25 October 2004
AMSTERDAM — The leader of the Dutch-Belgian Arab European League (AEL) has come out in support of killing Dutch troops serving in Iraq.
"I consider every death of an American, British or Dutch soldier as a victory," Dyab Abou Jahjah said in an interview with Flemish newspaper Het Laatste Nieuws on Monday.
There are currently 1,376 Dutch soldiers serving on peacekeeping duties in southern Iraq and two have been killed since the mission started in the summer of 2003. The troops are scheduled to return home in March 2005.
Despite his praise for the deaths of coalition troops, Abou Jahjah said he was opposed to the beheadings of hostages in Iraq. "Beheading is ethically and religiously wrong. Muslims don't even butcher a sheep in this way," he said.
The outspoken Lebanese-born immigrant Abou Jahjah has made fewer headlines in recent times since his political aspirations met with little success in Belgium elections.
He founded the AEL in 2001 in Antwerp, Belgium. The organisation — which also has a branch in the Netherlands — claims to support integration, but not assimilation of Muslim and Arab immigrants into European society.
When the foundation of the Dutch branch of the organisation was announced in 2003, several Dutch politicians from mainstream parties called for it to be outlawed. The Justice Ministry had to concede there were no grounds for doing so.
In April, the AEL "saluted" on its website the armed resistance to the US-led coalition being mounted by "the Iraqi population" in Fallujah.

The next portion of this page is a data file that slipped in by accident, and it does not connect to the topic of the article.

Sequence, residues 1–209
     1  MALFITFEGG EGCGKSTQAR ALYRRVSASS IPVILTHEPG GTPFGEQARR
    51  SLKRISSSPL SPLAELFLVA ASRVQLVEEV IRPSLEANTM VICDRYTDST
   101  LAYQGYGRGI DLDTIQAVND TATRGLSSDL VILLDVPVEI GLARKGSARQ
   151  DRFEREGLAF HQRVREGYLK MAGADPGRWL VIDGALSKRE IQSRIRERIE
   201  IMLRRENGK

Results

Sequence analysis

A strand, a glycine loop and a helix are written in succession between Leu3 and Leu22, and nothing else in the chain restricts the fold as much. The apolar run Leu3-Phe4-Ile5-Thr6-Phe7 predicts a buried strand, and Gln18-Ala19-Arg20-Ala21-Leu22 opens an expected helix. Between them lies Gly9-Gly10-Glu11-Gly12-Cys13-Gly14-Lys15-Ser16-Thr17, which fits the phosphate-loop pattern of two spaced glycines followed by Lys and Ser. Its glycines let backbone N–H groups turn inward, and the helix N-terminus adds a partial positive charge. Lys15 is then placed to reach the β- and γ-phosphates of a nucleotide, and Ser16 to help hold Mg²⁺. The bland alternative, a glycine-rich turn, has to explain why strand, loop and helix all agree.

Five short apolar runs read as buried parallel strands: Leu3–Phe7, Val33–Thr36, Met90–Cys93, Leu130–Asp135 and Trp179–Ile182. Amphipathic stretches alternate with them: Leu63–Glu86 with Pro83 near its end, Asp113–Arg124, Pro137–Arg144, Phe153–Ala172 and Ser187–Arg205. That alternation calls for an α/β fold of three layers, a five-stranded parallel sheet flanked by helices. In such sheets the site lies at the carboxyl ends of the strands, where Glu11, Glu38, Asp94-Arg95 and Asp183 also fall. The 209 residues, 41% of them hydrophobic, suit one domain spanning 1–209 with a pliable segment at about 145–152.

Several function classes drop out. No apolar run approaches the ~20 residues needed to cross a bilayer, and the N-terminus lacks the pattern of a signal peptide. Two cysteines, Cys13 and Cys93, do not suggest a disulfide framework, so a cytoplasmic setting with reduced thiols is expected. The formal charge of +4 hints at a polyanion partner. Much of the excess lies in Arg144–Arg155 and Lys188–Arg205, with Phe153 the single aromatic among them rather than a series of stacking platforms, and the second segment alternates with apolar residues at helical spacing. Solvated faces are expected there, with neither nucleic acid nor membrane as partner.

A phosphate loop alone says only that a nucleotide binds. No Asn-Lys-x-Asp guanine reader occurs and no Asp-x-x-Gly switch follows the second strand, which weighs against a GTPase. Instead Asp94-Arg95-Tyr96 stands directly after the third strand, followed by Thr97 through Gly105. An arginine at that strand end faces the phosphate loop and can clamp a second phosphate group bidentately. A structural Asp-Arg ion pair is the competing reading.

Meanwhile, Abou Jahjah also spoke out strongly against racism in Flanders on Monday, claiming that the Belgium region had many more racists than the 1 million people who voted for the extreme right-wing group Vlaams Blok.
"Flanders is a right-wing bulwark in Europe," said Abou Jahjah, who recently moved from Antwerp to the Brussels' municipality Schaarbeek. "God was not generous for Flemish people when he handed out intellect."
[Copyright Expatica News 2004]
Subject: Dutch news
Although hard to imagine, the shortage in the skilled and highly-educated workforces is expected to grow in the coming years. Expatica therefore introduces the International Job Fair, the event for pursuing an international career in the Netherlands.
Looking for love? Interested in making new friends? Meet the most eligible internationals in the Netherlands. Don't miss out! Previous participants have said they “ended up really enjoying it a lot more than expected.”
“Get out of your comfort zone and challenge your beliefs,” says Expatica’s dating expert Jean-Baptiste Trannoy.
A guide to telephone, internet and television along with utility services water, electricity and gas in the Netherlands.
Lost in the Dutch immigration system? Look no further than this guide compiled for our Survival Guide 2012.
Expatica offers a whistle-stop tour of life in the modern Netherlands.
The challenges and benefits of the maternity system in the Netherlands and how it differs to other countries.